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For my dad's brother the late Leo Smith who was there.   The Royal Australian Regiment.   Duty First.   Lest we Forget.

Kapyong - 23-24 April 1951

“At last I felt like an Anzac, and I imagine there were 600 others like me.”
Captain Reg Saunders, Officer Commanding, C Company, 3 RAR

Kapyong came to be the most significant and important battle for Australian troops in Korea.

In April 1951 the Chinese launched their spring offensive with the aim of retaking the city of Seoul. They quickly overran South Korean forces defending one of the major approach routes, the valley of the Kapyong River. Thirty kilometres further south, the 27th British Commonwealth Brigade hastily occupied defensive positions in an attempt to halt the Chinese advance.

On 23 April, the 3rd Battalion, Royal Australian Regiment (3 RAR), under the command of Lieutenant Colonel Bruce Ferguson, and the 2nd Battalion, Princess Patricia's Canadian Light Infantry, occupied prominent hills on either side of the seven-kilometre-wide valley, where a small tributary joined the Kapyong River. Also forward were headquarters units, tanks and artillery. The 1st Battalion, Middlesex Regiment, were to the rear.

Early in the evening, retreating South Koreans streamed past the Commonwealth position, with Chinese forces closely intermingled. Soon afterwards a platoon of American tanks supporting 3 RAR was overrun. The Kapyong valley was too large an area to defend with the forces available, and the brigade was spread very thinly.

Throughout the night the Chinese repeatedly pressed the Australian positions, attacking in waves over their own dead and wounded.

At dawn, A Company, under the command of Major Bernard "Ben" O'Dowd, found that the Chinese had infiltrated its position, but a counter-attack was able to eject them. Meanwhile B Company, which had spent the night on a hill near the riiver, discovered Chinese occupying some old bunkers on a small knoll. Hand-to-hand fighting ensued with grenades and bayonets. C Company, under the command of Captain Reg Saunders, was in position to reinforce both A and B Companies.

"Major O'Dowd then directed the radio operator to contact anyone. The American 1st Marine Division answered but their operator refused to believe who our operator was speaking for. Major O'Dowd took the phone and demanded to speak to the commanding officer. The general in charge of the [Marine] division came on the phone and told O'Dowd we didn't exist as we had been wiped out the night before. Major O'Dowd said, 'I've got news for you, we are still here and we are staying here.'"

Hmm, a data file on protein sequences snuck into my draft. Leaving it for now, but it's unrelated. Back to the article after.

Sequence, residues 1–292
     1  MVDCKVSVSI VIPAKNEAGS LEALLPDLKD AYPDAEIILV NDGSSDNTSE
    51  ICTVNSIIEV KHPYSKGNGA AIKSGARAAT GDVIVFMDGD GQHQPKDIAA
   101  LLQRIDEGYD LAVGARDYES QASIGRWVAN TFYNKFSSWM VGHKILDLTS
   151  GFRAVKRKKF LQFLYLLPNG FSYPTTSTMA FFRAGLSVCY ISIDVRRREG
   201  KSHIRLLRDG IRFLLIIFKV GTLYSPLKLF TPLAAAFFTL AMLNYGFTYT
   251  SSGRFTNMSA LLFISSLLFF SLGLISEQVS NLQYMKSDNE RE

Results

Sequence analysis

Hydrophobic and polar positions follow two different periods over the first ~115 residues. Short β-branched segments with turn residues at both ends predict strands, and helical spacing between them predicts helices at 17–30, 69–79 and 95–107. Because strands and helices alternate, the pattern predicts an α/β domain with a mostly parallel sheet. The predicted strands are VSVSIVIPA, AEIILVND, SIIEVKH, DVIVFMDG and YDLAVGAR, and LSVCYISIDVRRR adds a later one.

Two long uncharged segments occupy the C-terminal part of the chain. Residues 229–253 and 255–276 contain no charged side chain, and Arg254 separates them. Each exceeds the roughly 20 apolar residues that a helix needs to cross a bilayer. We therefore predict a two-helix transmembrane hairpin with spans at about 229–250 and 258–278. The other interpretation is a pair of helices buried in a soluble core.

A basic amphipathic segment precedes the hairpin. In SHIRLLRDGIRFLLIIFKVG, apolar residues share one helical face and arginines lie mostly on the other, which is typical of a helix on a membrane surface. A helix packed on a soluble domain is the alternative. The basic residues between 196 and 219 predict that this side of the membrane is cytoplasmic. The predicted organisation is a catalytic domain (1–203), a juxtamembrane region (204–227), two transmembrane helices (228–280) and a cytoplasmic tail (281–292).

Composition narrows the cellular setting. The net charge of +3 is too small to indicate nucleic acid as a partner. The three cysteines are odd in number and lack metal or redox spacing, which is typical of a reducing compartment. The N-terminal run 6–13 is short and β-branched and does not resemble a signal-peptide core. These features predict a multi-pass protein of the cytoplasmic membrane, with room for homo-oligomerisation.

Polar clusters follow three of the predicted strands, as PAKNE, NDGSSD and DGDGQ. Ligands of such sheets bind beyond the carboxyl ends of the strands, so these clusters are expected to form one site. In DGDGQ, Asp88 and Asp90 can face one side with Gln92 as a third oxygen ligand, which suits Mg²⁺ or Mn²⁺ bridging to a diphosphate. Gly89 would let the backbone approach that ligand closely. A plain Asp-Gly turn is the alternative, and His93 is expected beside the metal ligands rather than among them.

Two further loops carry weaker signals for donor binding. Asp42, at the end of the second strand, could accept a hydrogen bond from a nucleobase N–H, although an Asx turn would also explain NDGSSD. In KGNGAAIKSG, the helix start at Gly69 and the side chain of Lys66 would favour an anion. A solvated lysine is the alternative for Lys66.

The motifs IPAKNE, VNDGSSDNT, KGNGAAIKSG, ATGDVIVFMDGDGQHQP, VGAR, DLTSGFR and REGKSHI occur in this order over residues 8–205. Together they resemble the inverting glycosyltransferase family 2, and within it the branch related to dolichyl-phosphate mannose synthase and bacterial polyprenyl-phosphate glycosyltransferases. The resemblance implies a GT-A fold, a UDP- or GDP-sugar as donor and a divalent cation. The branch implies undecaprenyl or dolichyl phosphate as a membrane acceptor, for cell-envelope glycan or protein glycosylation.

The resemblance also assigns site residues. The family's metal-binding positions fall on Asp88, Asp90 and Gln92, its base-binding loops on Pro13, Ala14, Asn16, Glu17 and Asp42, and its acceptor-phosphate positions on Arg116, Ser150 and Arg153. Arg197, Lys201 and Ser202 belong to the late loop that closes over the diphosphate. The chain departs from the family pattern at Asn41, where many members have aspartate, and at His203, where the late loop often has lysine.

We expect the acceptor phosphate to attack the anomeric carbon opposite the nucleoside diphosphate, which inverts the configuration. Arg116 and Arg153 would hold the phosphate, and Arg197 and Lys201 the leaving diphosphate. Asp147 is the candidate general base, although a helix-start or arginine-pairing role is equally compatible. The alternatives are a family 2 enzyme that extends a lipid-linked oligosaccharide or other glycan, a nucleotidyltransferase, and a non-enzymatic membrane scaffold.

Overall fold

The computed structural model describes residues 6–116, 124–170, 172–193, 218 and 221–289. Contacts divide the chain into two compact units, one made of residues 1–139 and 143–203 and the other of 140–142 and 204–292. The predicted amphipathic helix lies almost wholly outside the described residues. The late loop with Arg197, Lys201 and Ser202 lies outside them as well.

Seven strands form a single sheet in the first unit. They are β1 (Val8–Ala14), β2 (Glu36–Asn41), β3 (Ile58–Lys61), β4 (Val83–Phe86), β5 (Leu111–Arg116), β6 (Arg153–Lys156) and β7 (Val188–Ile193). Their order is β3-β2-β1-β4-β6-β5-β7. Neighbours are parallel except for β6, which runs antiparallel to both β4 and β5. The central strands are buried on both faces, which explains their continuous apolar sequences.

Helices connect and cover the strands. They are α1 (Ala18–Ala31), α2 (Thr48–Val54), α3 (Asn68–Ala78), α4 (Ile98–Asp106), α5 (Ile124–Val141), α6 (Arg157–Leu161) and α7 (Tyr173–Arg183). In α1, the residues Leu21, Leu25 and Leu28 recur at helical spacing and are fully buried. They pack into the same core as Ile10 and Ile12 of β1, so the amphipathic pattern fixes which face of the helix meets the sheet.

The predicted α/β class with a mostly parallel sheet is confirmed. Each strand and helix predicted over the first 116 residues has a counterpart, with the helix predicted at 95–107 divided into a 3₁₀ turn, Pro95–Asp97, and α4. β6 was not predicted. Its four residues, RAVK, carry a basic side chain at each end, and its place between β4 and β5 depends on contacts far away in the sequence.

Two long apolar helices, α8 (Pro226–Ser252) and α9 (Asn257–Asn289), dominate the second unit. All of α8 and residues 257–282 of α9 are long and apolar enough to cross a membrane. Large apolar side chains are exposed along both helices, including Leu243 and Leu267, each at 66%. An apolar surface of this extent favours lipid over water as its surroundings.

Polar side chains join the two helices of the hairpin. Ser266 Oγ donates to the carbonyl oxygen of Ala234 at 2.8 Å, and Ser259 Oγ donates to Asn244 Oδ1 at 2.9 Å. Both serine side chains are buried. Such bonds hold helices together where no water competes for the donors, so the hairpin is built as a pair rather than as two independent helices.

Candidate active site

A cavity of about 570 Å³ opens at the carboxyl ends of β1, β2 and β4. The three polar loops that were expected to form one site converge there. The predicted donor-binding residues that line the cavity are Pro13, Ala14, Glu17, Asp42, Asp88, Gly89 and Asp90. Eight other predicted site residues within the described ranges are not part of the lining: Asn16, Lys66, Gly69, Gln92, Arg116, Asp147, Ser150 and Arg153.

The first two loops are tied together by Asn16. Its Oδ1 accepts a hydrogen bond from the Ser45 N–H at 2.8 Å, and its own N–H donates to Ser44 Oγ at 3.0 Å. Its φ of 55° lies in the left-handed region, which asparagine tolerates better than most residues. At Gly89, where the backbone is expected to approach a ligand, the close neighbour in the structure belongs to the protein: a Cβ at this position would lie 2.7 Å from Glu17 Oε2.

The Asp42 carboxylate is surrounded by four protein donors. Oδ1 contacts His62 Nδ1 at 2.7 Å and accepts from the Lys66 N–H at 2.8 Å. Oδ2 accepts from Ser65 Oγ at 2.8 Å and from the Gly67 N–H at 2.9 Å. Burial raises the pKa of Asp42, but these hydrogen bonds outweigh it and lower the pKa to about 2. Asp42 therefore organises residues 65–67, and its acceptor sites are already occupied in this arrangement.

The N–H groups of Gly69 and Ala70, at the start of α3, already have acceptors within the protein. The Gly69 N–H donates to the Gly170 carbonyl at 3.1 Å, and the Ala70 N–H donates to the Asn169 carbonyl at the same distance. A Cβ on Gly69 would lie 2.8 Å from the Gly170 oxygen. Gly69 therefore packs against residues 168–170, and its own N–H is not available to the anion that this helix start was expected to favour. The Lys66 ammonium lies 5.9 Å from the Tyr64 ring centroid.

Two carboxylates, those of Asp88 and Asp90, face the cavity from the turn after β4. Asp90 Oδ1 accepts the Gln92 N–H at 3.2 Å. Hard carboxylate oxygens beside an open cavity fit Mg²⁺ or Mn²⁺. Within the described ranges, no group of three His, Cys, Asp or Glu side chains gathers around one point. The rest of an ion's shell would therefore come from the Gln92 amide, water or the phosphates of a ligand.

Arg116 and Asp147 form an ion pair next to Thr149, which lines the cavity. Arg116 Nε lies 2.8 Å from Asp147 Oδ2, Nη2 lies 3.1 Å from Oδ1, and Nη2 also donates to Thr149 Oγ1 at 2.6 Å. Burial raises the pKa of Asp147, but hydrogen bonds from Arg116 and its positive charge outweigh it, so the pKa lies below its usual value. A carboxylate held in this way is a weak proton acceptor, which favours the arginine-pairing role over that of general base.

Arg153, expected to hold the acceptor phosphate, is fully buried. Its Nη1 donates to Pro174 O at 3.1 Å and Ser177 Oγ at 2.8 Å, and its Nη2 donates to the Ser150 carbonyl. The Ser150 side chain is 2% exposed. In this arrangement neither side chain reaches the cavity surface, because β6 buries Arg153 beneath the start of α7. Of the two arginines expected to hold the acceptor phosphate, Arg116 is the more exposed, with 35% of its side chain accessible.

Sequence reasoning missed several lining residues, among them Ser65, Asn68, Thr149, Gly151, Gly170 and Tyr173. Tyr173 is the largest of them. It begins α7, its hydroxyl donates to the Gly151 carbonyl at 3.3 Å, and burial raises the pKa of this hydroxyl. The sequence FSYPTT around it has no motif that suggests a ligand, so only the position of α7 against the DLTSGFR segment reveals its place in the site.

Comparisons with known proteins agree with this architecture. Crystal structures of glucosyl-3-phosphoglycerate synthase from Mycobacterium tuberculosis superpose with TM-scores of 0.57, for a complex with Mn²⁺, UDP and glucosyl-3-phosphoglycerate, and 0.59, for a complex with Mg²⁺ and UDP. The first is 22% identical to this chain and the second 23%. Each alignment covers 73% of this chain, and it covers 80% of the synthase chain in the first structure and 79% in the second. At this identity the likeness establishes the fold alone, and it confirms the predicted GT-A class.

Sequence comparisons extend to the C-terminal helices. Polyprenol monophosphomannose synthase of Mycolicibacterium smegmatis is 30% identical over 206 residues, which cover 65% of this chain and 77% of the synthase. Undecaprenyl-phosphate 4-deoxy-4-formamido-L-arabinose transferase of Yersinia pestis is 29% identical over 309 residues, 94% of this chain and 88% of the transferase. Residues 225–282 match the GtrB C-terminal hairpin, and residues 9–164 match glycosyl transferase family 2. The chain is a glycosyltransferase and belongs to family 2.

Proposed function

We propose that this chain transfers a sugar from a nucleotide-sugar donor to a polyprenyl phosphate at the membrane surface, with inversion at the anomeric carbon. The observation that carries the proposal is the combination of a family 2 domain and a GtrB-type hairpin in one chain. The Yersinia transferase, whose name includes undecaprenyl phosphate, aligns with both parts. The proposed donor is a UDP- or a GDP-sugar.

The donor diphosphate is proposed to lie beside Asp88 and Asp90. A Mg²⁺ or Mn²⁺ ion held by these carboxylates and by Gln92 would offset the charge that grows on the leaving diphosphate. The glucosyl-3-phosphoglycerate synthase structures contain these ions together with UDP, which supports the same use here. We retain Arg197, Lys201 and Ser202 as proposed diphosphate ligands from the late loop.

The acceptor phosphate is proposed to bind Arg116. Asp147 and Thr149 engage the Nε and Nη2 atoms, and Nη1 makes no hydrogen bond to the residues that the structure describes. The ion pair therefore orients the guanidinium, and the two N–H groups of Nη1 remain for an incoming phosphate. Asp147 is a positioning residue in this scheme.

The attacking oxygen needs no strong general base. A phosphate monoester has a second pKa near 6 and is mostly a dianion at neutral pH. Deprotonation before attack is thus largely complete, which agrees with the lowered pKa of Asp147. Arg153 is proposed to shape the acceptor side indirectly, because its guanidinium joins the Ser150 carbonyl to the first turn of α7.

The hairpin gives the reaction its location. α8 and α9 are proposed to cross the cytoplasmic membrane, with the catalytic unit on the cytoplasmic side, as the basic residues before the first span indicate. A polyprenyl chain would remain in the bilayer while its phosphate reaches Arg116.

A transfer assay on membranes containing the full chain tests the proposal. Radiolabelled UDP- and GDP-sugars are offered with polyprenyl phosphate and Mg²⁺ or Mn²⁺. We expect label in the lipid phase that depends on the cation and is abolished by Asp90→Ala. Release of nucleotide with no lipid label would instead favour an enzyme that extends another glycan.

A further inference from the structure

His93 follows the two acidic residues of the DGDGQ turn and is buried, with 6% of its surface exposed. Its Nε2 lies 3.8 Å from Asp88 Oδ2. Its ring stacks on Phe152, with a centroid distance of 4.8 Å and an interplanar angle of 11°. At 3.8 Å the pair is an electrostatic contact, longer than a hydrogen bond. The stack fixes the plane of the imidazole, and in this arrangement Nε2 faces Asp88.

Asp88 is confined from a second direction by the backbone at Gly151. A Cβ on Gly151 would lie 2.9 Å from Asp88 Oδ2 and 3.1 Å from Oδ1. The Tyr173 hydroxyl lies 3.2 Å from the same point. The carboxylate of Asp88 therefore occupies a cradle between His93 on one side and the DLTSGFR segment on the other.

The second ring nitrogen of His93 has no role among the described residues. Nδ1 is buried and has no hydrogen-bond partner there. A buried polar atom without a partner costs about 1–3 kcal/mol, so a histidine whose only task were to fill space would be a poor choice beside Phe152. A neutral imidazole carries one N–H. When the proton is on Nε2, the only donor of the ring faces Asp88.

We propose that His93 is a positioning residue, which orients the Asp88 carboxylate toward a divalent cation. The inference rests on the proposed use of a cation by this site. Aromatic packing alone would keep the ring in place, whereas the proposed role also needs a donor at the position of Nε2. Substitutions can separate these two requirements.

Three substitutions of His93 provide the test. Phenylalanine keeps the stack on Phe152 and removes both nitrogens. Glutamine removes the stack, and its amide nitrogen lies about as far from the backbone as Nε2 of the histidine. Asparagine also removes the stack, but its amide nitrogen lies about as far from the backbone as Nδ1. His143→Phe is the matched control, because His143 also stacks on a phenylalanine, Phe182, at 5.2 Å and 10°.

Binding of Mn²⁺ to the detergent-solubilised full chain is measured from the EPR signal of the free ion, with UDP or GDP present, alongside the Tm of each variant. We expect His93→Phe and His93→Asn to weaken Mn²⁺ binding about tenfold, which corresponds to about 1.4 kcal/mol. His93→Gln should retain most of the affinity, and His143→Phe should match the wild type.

Fighting continued throughout the day with the Australians holding their positions, and the Chinese also engaging D Company. But late on 24 April, with their position now untenable, the Australians were forced into a fighting withdrawal down a ridge to the valley, where they rejoined the brigade. Their withdrawal was supported by New Zealand artillery from the 16th Field Regiment. Having found the Canadian position unassailable, the Chinese made no further attacks. By the afternoon of 25 April the road through to the Canadians had been cleared of Chinese and 2 PPCLI was relieved by US Army units. On Anzac Day 1951, the Australians rested after a long fight.

Thirty-two Australians were killed and 53 were wounded for their part in stalling the Chinese advance and preventing Seoul from falling into enemy hands.

Lieutenant Colonel Bruce Ferguson was awarded the Distinguished Service Order for his skilful leadership, and the Australian and Canadian battalions both received United States Presidential Distinguished Unit Citations for their part in the battle.

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US General J Van Fleet presents US Presidential Citation to member of 3RAR after the Battle of Kapyong

Australian Battles